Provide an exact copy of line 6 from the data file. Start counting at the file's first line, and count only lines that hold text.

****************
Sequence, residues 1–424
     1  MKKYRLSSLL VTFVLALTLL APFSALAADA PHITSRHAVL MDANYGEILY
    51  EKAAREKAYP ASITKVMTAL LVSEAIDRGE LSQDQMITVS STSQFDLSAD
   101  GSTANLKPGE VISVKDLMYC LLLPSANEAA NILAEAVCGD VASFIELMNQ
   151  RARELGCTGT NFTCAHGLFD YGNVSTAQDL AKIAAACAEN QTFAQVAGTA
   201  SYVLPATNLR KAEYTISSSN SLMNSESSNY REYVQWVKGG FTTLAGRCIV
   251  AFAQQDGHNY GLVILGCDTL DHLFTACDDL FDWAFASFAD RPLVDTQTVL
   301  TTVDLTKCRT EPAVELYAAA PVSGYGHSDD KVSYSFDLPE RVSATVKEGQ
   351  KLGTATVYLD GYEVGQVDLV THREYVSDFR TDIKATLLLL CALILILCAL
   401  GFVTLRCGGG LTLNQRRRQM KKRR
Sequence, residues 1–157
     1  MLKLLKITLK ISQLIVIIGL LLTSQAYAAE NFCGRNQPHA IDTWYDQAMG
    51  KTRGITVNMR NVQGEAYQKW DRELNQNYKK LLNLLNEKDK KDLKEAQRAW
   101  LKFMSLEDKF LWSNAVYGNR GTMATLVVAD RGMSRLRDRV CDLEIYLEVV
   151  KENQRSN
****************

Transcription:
   201  SYVLPATNLR KAEYTISSSN SLMNSESSNY REYVQWVKGG FTTLAGRCIV